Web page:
« Reply #6 on: January 15, 2018, 09:43:14 AM »


I will add:
If I could only take one lens to Iceland, it would be my Nikon 24mm PC-E.  (and a polarizer, of course.)


Kent in SD

Can you elaborate? This wasn’t on my packing list for an upcoming Iceland trip. Curious why it’s your first choice.
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armand

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Re: Iceland in the winter
« Reply #7 on: January 16, 2018, 09:32:42 AM »

Can you elaborate? This wasn’t on my packing list for an upcoming Iceland trip. Curious why it’s your first choice.

I’m also curious as I still didn’t fully make my mind on what to bring, as in stay with what I have now (Fuji as primary and either Nikon or Olympus for specific purposes) or invest in Sony with the 16-35 2.8 and 24-105 4.
I’m quite covered for the 24 equiv currently, on Fuji with the 10-24 F4 with a very good performance at 16 and the 16 F1.4 WR with similar performance or the Nikon 24 F1.8 which is quite good but I rarely get to use. All in all I’m not sure I would bring a 24 mm equiv prime with me unless I hear some clear scenarios why I should.

Two23

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Re: Iceland in the winter
« Reply #8 on: January 16, 2018, 09:57:50 AM »

The 24mm PC-E is very versatile.  It's a standard wide lens, but with 3-shot stitches it makes PERFECT panos!  There are a lot of waterfalls there, and the 24mm PC-E has been very useful for those as I can shoot 2-shot vertical stitches and merge in PS.  I also use the other lens movements from time to time to increase DoF without having to stop down the lens.  Can also use side shift to take shots that won't have my shadow in them when the sun is behind me.  It & a polarizer is the perfect lens for Iceland.  Back in the "film era" shot 4x5 a lot (still do actually) and slowly learned just how much difference lens movements can make.  I don't think many photographers have had this experience, which is a pity.  It's not that hard to learn.


Kent in SD

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muralin

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Re: Iceland in the winter
« Reply #9 on: January 17, 2018, 10:20:03 PM »

I visited Iceland in March 2016. Check out my day-by-day diary with pictures and lat-long info
Here. It is an awesome country!!! Enjoy and be safe!!!
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Msstudio

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Re: Iceland in the winter
« Reply #10 on: January 30, 2018, 06:04:28 PM »

My suggestion is to rent a car. Mostly anything will do, but a Toyota Landcruiser is nice for the dirt roads and comfortable for hours of driving. Next up, drive to Reykjavik. On the way stop by a supermarket to buy supplies and then it's off for breakfast at Bergsson Mathús, Downtown Reykjavik (thats me and maybe too much). Then I get the hell out of town and start driving. Totally doable is the Fosshotel Glacier Lagoon (amazing food and accommodations, whisky on glacier ice, etc.) with limited couple of stops along the way, enough for a first impression and plans to come back. Most large waterfalls are right by the road and traffic shouldn't be bad that time of year.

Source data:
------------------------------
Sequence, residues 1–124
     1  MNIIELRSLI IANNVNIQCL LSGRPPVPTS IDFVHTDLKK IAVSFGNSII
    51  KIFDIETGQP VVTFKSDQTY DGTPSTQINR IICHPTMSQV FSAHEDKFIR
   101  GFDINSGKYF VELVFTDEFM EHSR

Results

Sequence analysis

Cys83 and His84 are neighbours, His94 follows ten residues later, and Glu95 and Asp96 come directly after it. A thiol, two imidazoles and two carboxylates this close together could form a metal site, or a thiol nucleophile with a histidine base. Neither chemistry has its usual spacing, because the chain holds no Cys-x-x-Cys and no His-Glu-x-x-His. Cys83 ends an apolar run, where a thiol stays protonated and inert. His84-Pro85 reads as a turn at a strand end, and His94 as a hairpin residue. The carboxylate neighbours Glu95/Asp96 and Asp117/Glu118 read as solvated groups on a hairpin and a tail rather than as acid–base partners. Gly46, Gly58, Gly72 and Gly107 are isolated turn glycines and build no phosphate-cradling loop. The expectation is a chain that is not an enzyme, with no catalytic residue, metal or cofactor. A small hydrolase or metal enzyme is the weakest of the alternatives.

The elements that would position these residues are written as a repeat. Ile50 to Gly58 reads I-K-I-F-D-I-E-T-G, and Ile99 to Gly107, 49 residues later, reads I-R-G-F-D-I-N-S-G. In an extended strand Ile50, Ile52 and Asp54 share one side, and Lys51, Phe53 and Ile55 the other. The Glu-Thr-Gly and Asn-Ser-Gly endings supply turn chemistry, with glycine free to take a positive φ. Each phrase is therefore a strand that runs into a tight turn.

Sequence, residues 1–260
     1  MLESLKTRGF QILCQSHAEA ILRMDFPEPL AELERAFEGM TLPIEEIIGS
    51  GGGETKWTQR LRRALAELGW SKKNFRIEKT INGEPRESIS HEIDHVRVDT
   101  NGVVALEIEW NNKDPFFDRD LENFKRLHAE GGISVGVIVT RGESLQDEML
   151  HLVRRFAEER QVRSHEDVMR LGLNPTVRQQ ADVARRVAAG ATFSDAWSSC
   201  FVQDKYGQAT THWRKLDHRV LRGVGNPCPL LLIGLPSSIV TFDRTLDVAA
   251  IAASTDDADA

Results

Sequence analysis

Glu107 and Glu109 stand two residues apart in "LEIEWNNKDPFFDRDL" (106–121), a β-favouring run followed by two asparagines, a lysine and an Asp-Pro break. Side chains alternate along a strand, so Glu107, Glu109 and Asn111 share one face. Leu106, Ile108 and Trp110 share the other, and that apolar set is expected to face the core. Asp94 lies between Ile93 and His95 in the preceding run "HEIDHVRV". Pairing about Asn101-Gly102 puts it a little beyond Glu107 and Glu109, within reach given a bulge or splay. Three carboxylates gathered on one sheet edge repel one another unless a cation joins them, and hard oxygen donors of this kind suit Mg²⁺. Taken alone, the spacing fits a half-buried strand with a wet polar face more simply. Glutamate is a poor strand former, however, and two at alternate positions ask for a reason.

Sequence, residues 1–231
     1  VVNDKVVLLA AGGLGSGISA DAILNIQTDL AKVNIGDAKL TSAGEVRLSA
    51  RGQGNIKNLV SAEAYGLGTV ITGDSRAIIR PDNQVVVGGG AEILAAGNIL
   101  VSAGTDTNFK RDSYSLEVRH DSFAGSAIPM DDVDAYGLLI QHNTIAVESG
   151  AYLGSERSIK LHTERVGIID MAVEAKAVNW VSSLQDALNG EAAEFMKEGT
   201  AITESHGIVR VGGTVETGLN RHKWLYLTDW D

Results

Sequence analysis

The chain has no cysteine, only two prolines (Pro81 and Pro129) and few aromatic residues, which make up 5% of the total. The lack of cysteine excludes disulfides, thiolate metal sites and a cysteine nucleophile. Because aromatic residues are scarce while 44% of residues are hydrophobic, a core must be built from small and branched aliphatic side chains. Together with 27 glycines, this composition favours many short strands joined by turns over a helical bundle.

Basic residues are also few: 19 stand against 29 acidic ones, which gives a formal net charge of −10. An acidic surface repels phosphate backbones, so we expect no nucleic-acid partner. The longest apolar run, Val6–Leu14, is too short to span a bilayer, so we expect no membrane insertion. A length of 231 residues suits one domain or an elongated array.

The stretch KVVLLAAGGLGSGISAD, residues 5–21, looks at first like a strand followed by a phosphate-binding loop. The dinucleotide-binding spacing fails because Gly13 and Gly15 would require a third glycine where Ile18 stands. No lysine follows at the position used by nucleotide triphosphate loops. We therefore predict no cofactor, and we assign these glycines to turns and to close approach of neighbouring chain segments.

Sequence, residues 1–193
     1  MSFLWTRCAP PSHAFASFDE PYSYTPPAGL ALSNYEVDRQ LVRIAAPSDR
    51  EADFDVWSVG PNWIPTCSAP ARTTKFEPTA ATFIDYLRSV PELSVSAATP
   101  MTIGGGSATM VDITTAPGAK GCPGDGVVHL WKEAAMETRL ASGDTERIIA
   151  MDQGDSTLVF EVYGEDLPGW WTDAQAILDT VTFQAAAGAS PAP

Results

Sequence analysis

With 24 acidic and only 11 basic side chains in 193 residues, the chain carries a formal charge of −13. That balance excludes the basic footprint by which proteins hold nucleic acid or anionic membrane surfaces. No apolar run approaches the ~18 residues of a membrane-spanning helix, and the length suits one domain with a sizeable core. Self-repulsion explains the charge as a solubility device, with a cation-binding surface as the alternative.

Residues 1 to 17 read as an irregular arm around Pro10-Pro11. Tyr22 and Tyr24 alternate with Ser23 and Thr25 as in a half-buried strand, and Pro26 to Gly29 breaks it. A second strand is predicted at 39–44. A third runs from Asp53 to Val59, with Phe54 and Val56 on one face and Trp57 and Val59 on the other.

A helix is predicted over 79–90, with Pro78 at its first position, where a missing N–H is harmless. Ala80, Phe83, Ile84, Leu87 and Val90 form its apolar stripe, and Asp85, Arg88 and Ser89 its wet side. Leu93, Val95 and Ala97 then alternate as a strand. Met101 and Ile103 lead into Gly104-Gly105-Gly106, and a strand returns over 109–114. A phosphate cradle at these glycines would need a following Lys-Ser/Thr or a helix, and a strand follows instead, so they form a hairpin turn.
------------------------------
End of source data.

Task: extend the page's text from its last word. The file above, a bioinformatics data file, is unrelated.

Like this you're right between Skaftafel (Glacier hike) and Jökurlsarlon (Glacier lake boats) and a drive to Stokksnes takes about 90min and Höfn is a nice/only lunch spot.
On the way back stop at Katla Geo park  and Reynisfjara Beach, the "Black beach Cafe" is great

Do some research for outfitters, we only went for ad shoots and had a production company taking care of us.

As the weather is changing constantly, ask at the hotels and gas stations and take it serious, we had storms rolling in under an hour, highways closed for 24hrs, etc. I would plan on being stuck for 24hrs somewhere and stay in Reykjavik at the end of the trip, maybe 2 nights (we did Hotel Borg and 101, both splendid) and if you don't make it to the first you at least make your flight out (3 out of 3 trips we had weather issues).
And bring payers, rain shells top and bottom are nice to take off...
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armand

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Re: Iceland in the winter
« Reply #11 on: January 30, 2018, 06:53:15 PM »

Thanks, I’m already here but I might be able to use some of your tips. I rented a medium sized SUV with winter tires and it did quite well today on a snowed in unpaved road in a park close to Reykjavik.
My schedule is determined by the hotels that I already booked. I’ll be spending a couple of nights in the Skallafel area (with a glacier trip in between) and one in Vik area.

David Eckels

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Re: Iceland in the winter
« Reply #12 on: January 30, 2018, 06:59:51 PM »

Nice series Terry. Headed there in August!

armand

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Re: Iceland in the winter
« Reply #13 on: January 30, 2018, 07:18:13 PM »

FYI, have a WR superzoom for those times when the weather doesn’t cooperate but you still want some shots. Dealing with 2 bodies/lenses in wind and snow it’s not very productive. I should have brought the Olympus with 12-100 for moments like this.

luxborealis

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Re: Iceland in the winter
« Reply #14 on: January 30, 2018, 11:38:24 PM »

Nice series Terry. Headed there in August!

You’ll love it, David!